What might someone raised on a tiny African island have to contribute to U.S. energy, climate innovation, and climate justice?(Photo by lalesh Aldarwish on Pexels)The transformative climate change solutions we seek may come from unlikely places and sources. This is especially true when we intentionally center justice in our climate action. As we work to address climate change, we all win when we cross-pollinate and amplify the voices who bring a different lived experience to conversations like renewable energy.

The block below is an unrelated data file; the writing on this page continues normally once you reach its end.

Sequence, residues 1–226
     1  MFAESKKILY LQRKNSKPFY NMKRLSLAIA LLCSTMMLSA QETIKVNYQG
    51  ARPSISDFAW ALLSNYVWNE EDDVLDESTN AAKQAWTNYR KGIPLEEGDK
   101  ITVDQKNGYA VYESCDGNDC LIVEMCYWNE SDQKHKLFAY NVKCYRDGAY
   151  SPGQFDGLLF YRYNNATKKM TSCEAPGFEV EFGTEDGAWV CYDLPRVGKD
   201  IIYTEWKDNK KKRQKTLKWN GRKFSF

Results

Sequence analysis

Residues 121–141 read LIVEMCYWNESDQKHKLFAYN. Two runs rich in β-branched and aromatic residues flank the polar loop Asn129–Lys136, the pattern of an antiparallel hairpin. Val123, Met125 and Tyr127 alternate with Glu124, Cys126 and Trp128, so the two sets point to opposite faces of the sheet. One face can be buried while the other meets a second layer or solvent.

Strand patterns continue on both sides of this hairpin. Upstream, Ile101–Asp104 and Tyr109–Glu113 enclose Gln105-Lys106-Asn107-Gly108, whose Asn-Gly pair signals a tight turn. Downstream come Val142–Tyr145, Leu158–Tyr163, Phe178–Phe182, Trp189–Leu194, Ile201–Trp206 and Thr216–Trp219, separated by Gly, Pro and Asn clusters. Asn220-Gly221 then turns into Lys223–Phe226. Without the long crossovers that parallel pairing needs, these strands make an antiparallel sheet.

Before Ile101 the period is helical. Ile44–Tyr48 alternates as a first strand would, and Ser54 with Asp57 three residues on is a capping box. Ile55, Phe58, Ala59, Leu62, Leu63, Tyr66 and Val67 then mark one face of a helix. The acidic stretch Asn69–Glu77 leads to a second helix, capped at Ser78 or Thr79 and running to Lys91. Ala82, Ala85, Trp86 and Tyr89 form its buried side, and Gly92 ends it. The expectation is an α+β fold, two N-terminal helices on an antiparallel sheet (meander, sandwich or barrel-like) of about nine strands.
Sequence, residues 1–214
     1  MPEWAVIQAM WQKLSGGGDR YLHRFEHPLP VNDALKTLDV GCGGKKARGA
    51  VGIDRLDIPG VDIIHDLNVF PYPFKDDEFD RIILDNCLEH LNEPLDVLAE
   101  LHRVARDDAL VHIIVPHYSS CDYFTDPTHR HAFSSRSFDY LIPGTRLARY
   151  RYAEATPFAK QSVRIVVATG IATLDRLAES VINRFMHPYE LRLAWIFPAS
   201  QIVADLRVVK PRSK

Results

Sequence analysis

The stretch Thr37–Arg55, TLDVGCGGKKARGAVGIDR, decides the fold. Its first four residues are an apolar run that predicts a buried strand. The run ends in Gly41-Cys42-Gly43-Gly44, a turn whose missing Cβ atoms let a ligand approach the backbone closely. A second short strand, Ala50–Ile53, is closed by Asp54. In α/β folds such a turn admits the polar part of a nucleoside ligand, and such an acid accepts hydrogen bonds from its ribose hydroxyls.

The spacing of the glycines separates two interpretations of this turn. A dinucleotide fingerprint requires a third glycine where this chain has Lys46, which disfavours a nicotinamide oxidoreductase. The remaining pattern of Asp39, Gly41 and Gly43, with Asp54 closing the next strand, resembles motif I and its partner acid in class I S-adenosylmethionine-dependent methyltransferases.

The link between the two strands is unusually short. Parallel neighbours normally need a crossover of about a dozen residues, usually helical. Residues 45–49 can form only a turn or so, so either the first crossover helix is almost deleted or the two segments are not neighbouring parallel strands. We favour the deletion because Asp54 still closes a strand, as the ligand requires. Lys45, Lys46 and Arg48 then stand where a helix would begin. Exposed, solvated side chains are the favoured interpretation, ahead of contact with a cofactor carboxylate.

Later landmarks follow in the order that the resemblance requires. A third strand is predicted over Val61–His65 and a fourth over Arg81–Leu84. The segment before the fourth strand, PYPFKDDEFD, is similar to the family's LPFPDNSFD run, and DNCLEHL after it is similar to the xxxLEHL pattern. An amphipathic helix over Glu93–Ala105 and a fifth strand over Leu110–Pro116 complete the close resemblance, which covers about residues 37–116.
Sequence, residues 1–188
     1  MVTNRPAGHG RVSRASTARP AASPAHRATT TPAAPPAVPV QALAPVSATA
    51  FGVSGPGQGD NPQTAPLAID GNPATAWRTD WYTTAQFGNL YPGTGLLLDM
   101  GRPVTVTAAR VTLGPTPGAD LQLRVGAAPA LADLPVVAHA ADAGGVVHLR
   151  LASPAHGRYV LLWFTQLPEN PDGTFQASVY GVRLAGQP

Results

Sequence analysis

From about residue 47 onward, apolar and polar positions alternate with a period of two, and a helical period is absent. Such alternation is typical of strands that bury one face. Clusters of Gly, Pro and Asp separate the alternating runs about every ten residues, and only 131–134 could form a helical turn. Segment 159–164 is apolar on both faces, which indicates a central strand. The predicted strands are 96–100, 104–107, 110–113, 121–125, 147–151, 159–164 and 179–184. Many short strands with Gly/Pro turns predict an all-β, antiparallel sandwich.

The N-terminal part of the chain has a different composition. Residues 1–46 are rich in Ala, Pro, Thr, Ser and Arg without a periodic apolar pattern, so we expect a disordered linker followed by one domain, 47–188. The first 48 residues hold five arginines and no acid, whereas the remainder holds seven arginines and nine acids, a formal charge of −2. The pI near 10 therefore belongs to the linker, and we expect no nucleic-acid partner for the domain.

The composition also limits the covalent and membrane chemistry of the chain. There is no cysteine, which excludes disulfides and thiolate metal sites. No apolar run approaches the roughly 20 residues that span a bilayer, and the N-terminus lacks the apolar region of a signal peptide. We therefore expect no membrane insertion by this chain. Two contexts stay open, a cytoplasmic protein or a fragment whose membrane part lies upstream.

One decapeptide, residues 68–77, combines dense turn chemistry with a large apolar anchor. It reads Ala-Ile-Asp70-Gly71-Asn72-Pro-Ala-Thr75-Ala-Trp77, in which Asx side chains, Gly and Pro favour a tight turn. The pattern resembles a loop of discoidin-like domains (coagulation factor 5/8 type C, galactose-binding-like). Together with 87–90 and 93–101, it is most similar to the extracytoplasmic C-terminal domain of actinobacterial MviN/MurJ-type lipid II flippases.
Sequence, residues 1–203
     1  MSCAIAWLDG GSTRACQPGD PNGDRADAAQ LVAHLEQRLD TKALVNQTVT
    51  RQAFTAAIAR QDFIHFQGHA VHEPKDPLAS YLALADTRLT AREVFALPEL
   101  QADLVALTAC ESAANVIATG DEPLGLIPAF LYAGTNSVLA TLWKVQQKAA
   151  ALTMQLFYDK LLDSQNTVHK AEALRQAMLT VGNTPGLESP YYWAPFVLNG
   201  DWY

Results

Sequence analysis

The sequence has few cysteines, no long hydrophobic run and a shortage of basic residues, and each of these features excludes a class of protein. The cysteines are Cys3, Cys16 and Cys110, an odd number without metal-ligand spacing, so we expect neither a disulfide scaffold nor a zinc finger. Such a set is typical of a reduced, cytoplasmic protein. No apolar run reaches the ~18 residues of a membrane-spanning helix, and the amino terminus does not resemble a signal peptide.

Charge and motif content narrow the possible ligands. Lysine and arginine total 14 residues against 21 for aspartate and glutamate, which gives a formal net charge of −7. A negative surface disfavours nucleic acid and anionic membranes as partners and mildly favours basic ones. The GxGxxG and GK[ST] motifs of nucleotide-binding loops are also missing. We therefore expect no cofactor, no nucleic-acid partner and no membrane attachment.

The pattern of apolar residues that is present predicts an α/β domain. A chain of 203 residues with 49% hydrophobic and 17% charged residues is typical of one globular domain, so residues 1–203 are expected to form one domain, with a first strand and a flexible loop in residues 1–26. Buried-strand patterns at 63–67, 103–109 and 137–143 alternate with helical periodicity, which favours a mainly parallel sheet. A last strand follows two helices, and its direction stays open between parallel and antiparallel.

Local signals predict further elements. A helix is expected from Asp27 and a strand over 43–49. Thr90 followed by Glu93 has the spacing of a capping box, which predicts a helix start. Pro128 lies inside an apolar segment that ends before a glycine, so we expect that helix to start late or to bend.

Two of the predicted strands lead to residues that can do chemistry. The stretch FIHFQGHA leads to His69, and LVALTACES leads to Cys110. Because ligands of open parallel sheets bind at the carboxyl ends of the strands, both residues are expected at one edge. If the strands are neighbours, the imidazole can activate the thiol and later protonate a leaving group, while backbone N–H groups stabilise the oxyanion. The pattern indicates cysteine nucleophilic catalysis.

So what, then, might someone raised on a tiny African island have to contribute to U.S. energy, climate innovation, and climate justice?
Origins of ExtractionTwenty-two years before Columbus left Europe to the “new” world, an uninhabited, six-square-mile island was spotted by a Spaniard off the west coast of Africa. Soon after, its first human inhabitants arrived on a Portuguese ship — a group of enslaved people taken from Angola.
And so it came to be that the first economy of the island of my childhood, Annobon, was the buying and selling of human beings.